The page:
"Certain tactics become deadeningly familiar: the privileging of specific subject matter
("Relate to me," you can almost hear some poems cry); the primacy of personal
experience and the assumption that language can contain it; the favorite foriegn
country that becomes a sort of grab bag for subject matter; the husk of anecdote
cracked for is nut of knowledge, the serious intellectual and psychological issues
that do a soft-focus fade-out into imagistic unknowingness; the case, even pride,
with which the poet accepts such unknowingness. Much of this poetry isn't "bad,"
exactly; you wish it were worse, in face because then you could more clearly
explain to yourself why a large dose of it-- a batch of books to review, say, or
an hour spent browsing magazines--leaves you feeling not simply numb but
guilty for that numbness, as if you were the only tainted thing in a world where
everything was perfectly clear, perfectly pleased with itself. Intensity is the only
anicdote-- of language, or experience, of ambition. In the presence of that intensity
all that is merely pleasant falls away." --- Wiman
On the other hand, I feel an urgent intense need, a push and pull if you will, to write about my life, the sexual abuse I experienced and the overwhelming abuse that leads one to constant self-doubt and insecurity. So, I am not really certain how I feel about much of what he says due to my own experiences which have a "need" to be fleshed out, understood and healed. And even Wiman seems to acknowledge that many of us write to heal some wound. Yet, maybe there is something banal about the self, in all its struggles, yet much of the self writing he may be referring to has no interest in language play, and language play in and of itself seems to differ from person to person (in terms of what is appealing and musical or discordant).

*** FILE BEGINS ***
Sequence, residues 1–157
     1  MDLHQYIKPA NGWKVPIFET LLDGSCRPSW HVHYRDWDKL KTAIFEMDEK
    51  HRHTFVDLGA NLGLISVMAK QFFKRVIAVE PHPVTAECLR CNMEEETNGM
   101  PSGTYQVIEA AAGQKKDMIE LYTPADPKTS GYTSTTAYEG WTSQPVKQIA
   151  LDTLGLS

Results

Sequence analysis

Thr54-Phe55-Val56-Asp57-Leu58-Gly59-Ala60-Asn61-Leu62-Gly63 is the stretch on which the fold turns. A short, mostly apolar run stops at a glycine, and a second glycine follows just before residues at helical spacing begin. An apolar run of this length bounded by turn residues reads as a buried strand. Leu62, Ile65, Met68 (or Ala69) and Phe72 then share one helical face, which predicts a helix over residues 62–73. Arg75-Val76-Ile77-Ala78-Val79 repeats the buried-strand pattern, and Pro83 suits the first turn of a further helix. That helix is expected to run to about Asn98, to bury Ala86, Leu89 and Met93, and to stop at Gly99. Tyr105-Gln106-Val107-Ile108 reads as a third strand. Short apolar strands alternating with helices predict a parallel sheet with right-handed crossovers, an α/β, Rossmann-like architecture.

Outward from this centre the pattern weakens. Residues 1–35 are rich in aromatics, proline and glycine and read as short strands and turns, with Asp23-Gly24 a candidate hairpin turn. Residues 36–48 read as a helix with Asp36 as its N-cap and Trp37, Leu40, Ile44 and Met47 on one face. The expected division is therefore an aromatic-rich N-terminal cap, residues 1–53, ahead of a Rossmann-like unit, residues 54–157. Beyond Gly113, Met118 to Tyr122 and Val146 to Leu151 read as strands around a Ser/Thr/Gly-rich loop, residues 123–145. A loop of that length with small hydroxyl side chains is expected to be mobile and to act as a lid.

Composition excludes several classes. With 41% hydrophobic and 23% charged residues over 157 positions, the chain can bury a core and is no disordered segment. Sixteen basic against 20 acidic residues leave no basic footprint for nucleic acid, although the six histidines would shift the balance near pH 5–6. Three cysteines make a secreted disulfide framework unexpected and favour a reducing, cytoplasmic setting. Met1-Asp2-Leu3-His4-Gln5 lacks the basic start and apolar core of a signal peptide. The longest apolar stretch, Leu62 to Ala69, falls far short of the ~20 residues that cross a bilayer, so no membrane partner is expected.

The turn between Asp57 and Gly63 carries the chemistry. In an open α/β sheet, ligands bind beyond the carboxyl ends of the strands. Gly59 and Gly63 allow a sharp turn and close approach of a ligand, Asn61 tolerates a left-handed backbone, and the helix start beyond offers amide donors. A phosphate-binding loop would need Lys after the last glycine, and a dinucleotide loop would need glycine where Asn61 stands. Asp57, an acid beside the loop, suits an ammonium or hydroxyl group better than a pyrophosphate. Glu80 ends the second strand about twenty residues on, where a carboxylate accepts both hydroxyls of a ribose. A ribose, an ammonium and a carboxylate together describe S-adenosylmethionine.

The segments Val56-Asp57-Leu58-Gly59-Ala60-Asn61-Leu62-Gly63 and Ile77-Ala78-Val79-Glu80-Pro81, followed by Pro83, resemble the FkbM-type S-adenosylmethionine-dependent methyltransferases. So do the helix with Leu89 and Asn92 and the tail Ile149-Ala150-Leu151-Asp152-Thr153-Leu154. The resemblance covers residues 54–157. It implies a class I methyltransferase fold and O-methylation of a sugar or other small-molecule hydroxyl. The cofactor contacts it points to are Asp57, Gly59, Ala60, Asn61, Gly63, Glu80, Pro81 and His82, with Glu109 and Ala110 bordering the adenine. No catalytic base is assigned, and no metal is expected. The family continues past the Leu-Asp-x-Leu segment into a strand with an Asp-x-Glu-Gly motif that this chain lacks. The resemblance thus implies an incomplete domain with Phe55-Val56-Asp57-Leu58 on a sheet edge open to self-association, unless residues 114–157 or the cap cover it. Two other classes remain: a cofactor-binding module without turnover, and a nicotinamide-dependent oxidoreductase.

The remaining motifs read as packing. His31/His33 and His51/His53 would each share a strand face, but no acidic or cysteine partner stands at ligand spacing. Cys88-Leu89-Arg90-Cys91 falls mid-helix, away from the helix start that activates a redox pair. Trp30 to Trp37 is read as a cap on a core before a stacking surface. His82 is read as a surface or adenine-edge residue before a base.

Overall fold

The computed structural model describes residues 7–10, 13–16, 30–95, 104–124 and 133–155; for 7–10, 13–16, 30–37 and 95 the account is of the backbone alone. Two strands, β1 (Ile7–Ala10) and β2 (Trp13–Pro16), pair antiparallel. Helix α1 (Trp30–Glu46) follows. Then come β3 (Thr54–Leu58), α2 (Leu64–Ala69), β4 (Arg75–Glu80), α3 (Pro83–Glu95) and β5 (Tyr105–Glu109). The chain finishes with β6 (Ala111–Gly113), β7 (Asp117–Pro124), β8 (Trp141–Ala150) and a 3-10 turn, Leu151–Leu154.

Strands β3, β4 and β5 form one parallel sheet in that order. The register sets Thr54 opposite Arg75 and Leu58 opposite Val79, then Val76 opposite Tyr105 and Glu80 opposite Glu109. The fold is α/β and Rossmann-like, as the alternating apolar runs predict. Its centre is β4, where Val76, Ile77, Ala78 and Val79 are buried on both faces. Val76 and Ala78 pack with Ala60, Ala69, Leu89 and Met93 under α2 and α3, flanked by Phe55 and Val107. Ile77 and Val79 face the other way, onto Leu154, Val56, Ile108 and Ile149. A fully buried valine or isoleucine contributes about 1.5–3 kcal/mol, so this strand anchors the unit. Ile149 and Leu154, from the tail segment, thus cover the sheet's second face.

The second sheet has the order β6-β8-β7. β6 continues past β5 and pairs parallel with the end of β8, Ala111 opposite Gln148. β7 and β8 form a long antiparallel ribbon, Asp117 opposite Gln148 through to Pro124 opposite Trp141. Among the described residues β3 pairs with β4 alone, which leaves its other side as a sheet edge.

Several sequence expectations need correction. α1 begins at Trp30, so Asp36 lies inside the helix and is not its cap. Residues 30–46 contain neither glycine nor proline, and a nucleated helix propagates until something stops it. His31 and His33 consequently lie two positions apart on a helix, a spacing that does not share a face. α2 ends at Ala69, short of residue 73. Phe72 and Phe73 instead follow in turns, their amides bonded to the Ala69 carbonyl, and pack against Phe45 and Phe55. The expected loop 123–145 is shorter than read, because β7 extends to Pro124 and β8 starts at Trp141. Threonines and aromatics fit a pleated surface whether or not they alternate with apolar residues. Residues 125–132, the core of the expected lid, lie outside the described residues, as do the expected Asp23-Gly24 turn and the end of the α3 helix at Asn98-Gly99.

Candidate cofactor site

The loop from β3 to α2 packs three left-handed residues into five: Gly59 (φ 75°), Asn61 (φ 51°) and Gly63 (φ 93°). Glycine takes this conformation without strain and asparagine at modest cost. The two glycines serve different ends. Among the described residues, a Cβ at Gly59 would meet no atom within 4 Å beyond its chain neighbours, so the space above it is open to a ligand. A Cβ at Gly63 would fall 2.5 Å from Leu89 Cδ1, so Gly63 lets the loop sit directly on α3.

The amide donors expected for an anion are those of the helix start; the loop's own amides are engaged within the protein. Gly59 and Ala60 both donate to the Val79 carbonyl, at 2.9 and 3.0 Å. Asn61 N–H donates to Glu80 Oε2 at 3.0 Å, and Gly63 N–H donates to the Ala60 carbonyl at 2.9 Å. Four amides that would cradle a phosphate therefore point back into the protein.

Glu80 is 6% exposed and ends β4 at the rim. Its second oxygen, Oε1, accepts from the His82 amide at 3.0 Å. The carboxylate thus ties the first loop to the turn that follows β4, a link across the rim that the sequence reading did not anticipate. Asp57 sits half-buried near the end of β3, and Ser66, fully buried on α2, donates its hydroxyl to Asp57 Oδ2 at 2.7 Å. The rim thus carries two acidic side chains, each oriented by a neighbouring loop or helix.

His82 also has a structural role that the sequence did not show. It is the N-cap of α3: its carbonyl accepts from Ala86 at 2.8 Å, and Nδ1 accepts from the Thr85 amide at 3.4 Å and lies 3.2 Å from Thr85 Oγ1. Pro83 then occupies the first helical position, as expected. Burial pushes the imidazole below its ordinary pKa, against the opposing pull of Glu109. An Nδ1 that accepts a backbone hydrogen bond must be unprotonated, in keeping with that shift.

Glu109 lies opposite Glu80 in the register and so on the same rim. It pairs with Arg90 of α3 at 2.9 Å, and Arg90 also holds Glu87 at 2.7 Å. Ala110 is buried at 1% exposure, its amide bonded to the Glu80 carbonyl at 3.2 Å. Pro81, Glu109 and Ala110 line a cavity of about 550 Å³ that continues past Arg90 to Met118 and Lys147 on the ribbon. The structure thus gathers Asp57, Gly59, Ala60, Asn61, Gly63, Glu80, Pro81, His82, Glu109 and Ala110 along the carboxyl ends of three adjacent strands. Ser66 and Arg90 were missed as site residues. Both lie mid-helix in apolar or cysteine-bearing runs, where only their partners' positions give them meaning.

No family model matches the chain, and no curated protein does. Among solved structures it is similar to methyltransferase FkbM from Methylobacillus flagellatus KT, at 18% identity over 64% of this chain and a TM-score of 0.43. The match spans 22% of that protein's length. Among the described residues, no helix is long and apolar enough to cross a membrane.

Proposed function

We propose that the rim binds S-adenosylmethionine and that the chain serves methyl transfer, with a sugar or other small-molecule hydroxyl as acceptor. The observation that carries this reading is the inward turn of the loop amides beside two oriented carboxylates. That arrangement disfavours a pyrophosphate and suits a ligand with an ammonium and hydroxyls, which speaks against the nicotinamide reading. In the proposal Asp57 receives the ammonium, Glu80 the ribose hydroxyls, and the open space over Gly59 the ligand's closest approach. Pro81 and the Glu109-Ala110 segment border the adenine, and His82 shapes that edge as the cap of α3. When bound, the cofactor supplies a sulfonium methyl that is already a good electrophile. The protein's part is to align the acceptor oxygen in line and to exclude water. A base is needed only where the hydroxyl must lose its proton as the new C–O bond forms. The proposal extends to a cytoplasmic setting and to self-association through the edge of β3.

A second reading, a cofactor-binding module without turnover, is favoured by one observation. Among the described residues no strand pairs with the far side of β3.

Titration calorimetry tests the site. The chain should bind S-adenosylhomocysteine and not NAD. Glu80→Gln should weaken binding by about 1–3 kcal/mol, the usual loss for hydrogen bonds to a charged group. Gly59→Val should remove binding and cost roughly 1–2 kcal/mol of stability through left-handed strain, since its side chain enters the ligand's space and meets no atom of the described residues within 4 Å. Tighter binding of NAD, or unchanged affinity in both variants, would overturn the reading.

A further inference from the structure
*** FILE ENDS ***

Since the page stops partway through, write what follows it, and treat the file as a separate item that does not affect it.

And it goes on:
Writing in traditional forms proves difficult for me, particularly metrical form. And yet Wiman's insistence that great poems have form haunts me. And of course, some argue free verse has form, which I think is true, but who was it that said, "free verse is like playing tennis with the net down?"
Also, Wiman writes a great deal about the poet's ambitions, desires and disillusionment. One quote which moved me and helped me is the one below:
A man who long ago learned to hold each act in light of the distant life
in which he would repent it, who for years anticipated and even treasured,
with a kind of half-conscious, terrible clarity, the self as it would emerge from
the wreckage it created; a man grown equanimous and wise, devoid of ambition
now but, what luck, replete with everything ambition brings-- this house,
these admirers, regret softened by renown, and this moment in which to gather
his brood of wounds around him with an almost paternal pride, as lovely elegiac light
fills the room and all the intact past stands plain as a lawn. Spare me. A man can
vanish into what he's done, give himself so utterly to his actions that he becomes not
the wise survivor crawling from the chaos of his deeds, but the smooth and empty shell
they cast up. Who would believe this hollow noise is the sea?
It feels good to read again, as I've had great difficulty doing so the past couple of years.